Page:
Historically, consumers purchasing smartphones in the budget bracket would have a hit-and-miss experience with processing speed, smoothness of user interface, and app stability. The Google-supported Android Go edition operating system optimises the user experience by stripping out non-important visual effects to speed up the phone. Thish allows for more memory to be used by apps.
Google also ensures that all smartphones running Android Go will receive feature and security updates as they are released by Google. This is a major selling point for these smartphones, as users of this smartphone will always be running the latest software, with virtually no manufacturer bloatware.
Vodafone Smart Kicka 4
At the lowest entry-level, the Vodafone Smart Kicka 4 performs well as a communicator for emails and WhatsApp messages. The 4” screen represents a step up for entry-level Android phones, which were previously standardised at 3.5”.
The display is bright and very responsive, while the limited screen real estate leaves the navigation keys off the screen as touch buttons. It uses 3G connectivity, which might seem like an outdated technology, but is good enough to stream SD videos and music. Vodacom has also thrown in some data gifts if the smartphone is activated before the end of September 2018.
Its camera functionalities might be a slight let down for the aspirant Instagrammer, with a 2MP rear flash camera and a 0.3MP selfie snapper. Speed wise, the keyboard pops up quickly, which is a huge improvement from the Smart Kicka 3. However, this phone will not play well with graphics-intensive games.
Next up is the Nokia 1, which adds a much better 5MP camera, improved battery life and a bigger 4.5” screen. It supports LTE, which allows this smartphone to download and upload at the speed of flagships. It also sports the Nokia brand name, which many consumers trust.
Although the front camera is 2MP, the quality is extremely grainy, even with good lighting. This disqualifies this smartphone for the social media selfie snapper, but the 5MP rear camera will work for the landscape and portrait photographer.
The screen also redeems this smartphone, providing a display which represents colours truly and has great viewing angles. Xpress-on back covers allows the use of interchangeable, multi-coloured back covers, which has proven to be a successful sales point for mid-range smartphones in the past.
Huawei Y3 (2018)
The most capable of the Android Go edition competitors, the Huawei Y3 (2018) packs an even bigger screen at 5”, as well as an improved 8MP rear camera and HD video recording. The screen is the brightest and most vibrant of the three smartphones, but seems to be calibrated to show colours a little more saturated than they actually are.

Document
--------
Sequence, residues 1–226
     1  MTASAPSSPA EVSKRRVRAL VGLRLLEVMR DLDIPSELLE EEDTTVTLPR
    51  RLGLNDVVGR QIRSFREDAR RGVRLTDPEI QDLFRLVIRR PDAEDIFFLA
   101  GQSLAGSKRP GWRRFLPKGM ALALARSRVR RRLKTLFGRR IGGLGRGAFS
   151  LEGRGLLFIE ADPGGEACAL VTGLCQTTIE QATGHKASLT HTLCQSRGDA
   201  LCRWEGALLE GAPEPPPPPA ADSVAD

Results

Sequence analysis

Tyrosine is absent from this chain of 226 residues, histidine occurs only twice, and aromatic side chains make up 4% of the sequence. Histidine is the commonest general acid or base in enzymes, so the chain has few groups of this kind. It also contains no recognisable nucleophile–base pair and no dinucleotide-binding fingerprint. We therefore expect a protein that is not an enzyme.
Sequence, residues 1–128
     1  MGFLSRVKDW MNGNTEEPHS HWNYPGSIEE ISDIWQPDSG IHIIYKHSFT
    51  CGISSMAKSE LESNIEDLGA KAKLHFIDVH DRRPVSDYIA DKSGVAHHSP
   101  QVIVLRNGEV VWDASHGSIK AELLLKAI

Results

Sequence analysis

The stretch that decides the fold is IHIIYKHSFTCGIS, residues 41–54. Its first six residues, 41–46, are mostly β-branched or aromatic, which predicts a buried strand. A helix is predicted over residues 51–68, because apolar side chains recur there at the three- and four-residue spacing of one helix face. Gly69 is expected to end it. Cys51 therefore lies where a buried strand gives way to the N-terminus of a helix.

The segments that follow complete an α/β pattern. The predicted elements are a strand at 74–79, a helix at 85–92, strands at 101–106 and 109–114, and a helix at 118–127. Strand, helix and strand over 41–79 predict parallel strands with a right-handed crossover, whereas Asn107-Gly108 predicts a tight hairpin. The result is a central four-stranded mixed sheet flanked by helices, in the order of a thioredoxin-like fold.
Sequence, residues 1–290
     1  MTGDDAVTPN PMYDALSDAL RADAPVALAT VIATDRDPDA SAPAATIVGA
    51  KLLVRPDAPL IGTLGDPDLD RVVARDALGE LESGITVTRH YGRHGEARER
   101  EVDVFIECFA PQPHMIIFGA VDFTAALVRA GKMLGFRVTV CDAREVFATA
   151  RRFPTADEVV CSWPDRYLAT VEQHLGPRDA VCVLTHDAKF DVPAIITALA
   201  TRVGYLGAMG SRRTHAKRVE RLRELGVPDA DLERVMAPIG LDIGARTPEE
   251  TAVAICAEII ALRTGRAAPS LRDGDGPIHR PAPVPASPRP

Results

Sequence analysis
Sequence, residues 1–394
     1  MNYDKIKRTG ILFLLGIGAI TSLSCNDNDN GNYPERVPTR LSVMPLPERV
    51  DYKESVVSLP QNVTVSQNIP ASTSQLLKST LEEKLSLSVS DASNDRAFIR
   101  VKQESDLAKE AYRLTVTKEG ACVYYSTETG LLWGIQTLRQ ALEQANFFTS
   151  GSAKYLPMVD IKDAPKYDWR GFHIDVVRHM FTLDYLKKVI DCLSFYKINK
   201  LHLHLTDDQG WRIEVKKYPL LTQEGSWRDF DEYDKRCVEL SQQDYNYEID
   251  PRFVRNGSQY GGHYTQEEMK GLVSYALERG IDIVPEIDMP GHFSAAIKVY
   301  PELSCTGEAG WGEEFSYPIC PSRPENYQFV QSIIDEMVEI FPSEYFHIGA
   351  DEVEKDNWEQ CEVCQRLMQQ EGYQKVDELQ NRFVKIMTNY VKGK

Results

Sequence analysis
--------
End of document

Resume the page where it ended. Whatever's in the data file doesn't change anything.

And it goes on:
Nevertheless, the camera outperforms the other smartphones with good colour replication and great selfie capabilities via the 2MP front camera – far superior to the Nokia 1 despite the same spec. LTE also comes standard with this smartphone and Vodacom throws in 4G/LTE data goodies until the end of September 2018. The battery, however, is not removable and may only be replaced by a warranty technician.
Comparing the 3
All three smartphones have removable back covers, which provide access to the battery, SIM card and SD card slots. The smartphones have Micro USB ports on the bottom with headphone jacks on the top. The built-in speakers all performed well, with the Y3 (2018) housing an exceptionally loud built-in speaker.
Although all at different price points, all three phones remain similar in performance and speed. The differentiators are apparent in the components, like camera quality and screen quality. It would be fair to rank the quality of the camera and battery life by respective market prices. The Vodafone Smart Kicka 4 performed well, for its R399 retail price. The Nokia 1, on the other hand, lags quite a bit in features when compared to the Huawei Y3 (2018), bwith oth retailing at R999.
SA gets digital archive
As the world entered the centenary of Nelson Mandela’s birth on Mandela Day, 18 July 2018, South Africa celebrated the launch of a digital living archive.
The southafrica.co.za site carries content about the country’s collective heritage in South Africa’s eleven official languages.
Designed as a nation building, educational and brand promotion web based tool, the free-to-view platform features award-winning photographic and written content by leading South African photographers, authors, academics and photojournalists.
The emphasis is on quality, credible, factual content that celebrates a collective heritage in terms of the following: Cultural Heritage; Natural Heritage; Education; History; Agriculture; Industry; Mining; and Travel.
At the same time as reflecting on the nation’s history, southafrica.co.za celebrates South Africa’s natural, cultural and economic assets so that the youth can learn about their nation in their home language.
Southafrica.co.za Founder and CEO Hans Gerrizen conceptualised southafrica.co.za as a means for youth and communities from outlying areas to benefit from the digital age in terms of the web tool’s empowering educational component.
“We can only stand to deepen our collective experience of democracy and become a more forward planning nation if we know facts about our nation’s past and present in everyone’s home language,” he says.
Southafrica.co.za, with sister company Siyabona Africa, is the organiser and sponsor of the Mandela: 100 Moments photographic exhibition that runs until 30 September at Cape Town’s V&A Waterfront-based Nelson Mandela Gateway to Robben Island. The 3-month exhibition, which runs daily from 08h00 until 15h00, is showcasing one hundred iconic Nelson Mandela images taken by veteran South African photojournalist and self-taught lensman Peter Magubane.